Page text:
A change has been made to the author list. Christophe Malaterre (malaterre.christophe@uqam.ca) is Canada Research Chair in Philosophy of the Life Sciences and professor of philosophy at the Université du Québec à Montréal (UQAM). His research focuses on the analysis of explanatory schemas in the biological sciences, from origins of life to biodiversity studies. Antoine C. Dussault is a researcher at the Centre interuniversitaire de recherche sur la science et la technologie (CIRST) and philosophy instructor at Collège Lionel-Groulx. His main research interests are the philosophy of ecology and environmental ethics. Ely Mermans is a PhD candidate in philosophy at Université de Montréal and at Université Paris 1 Panthéon Sorbonne, who investigates the concept of keystone species in relation to ecocentric ethics. Gillian Barker is professor of philosophy at the University of Western Ontario. She specializes in environmental philosophy and broader relationship between science and values. Beatrix E. Beisner is professor of ecology in the Department of Biological Sciences at UQAM and directs the Interuniversity Group in Limnology and Aquatic Environments (GRIL). Her work focuses on aquatic biodiversity and community ecology. Frédéric Bouchard is professor of philosophy at the Université de Montréal. He specializes in the philosophy of biology, notably questions about individuality. Eric Desjardins is professor of philosophy at the University of Western Ontario. His research focuses on developing new perspectives for understanding and building resilient social-ecological systems. I. Tanya Handa is professor in the department of biological sciences at Université du Québec à Montréal (UQAM). Her research has contributed to extending the functional trait approach to understand community assembly, biotic interactions and ecosystem functions of soil invertebrates. Steven W. Kembel is Canada Research Chair in Plant Microbiomes and professor in the department of biological sciences at the UQAM. His research focuses on understanding the ecological and evolutionary processes responsible for patterns of plant and microbial biodiversity. Geneviève Lajoie is a PhD candidate in the department of biological sciences at the Université du Québec à Montréal (UQAM). Her research focuses on plant-microbe interactions. Virginie Maris is a researcher at the Centre d’écologie fonctionnelle et évolutive (CEFE UMR 5175), CNRS. She specializes in environmental philosophy, environmental ethics and the epistemology of ecology and conservation sciences. Alison D. Munson is affiliated with the Département des sciences du bois et de la forêt, Université Laval, Canada. Her research explores soil-plant relations in managed and natural ecosystems, tree diversity and ecosystem function, and plant traits in relation to soil carbon stabilization. Jay Odenbaugh is affiliated with the Department of Philosophy, Lewis & Clark College. He specializes in philosophy of ecology and evolution. Timothée Poisot is affiliated with the department of biological sciences at the Université de Montréal. He focuses on quantitative and computational ecology. B. Jesse Shapiro is Canada Research Chair in Microbial Evolutionary Genomics and affiliated with the department of biological sciences at the Université de Montréal. He is a computational evolutionary biologist interested in identifying ecologically and clinically important signatures of positive natural selection in microbial genomes. Curtis A. Suttle is affiliated with the Department of Earth, Ocean and Atmospheric Sciences, the Department of Botany, the Department of Microbiology and Immunology, and the Institute for the Oceans and Fisheries at the University of British Columbia, Canada. His research is primarily focused on viruses and their role in the environment. © 2021 Oxford University Press. All rights reserved.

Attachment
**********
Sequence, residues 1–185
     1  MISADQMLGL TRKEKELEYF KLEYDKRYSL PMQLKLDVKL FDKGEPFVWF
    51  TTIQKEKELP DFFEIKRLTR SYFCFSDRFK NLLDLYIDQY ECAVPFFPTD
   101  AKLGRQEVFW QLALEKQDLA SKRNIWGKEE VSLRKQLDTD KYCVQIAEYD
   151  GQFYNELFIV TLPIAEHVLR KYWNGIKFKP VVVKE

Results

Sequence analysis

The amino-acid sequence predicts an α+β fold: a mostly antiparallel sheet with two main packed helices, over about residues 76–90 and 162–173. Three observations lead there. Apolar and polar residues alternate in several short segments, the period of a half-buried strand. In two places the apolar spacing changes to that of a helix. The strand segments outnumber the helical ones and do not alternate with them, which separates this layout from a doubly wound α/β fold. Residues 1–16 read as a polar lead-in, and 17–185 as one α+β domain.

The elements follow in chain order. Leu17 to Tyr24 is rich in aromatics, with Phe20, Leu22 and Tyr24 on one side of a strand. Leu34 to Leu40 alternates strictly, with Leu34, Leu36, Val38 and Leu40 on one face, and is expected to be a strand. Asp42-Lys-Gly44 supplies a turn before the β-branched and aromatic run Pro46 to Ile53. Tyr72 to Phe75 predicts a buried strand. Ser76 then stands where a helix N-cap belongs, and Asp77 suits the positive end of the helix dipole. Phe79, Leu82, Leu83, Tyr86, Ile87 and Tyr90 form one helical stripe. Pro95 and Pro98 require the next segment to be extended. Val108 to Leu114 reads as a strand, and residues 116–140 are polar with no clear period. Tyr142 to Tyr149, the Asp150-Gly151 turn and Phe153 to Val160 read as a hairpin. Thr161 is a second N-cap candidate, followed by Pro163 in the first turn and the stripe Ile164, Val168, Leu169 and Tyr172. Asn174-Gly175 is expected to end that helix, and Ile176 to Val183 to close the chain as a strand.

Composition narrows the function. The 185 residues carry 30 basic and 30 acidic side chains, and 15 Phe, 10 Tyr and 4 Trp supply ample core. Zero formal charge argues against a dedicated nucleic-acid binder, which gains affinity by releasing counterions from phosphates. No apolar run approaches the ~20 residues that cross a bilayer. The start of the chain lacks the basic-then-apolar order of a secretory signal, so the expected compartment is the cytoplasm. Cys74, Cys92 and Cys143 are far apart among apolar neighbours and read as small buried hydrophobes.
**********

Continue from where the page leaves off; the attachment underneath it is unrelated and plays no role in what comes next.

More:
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@ARTICLE { MalaterreDussaultMermansEtAl2021,